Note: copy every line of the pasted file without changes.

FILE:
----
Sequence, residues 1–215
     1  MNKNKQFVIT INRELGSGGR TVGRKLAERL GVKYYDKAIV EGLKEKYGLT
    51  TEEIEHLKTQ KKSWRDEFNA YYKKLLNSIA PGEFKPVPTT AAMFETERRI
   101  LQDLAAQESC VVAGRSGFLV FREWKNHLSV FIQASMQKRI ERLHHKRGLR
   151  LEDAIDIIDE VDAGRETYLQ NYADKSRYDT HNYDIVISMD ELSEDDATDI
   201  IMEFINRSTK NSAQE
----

Sequence, residues 1–215
     1  MNKNKQFVIT INRELGSGGR TVGRKLAERL GVKYYDKAIV EGLKEKYGLT
    51  TEEIEHLKTQ KKSWRDEFNA YYKKLLNSIA PGEFKPVPTT AAMFETERRI
   101  LQDLAAQESC VVAGRSGFLV FREWKNHLSV FIQASMQKRI ERLHHKRGLR
   151  LEDAIDIIDE VDAGRETYLQ NYADKSRYDT HNYDIVISMD ELSEDDATDI
   201  IMEFINRSTK NSAQE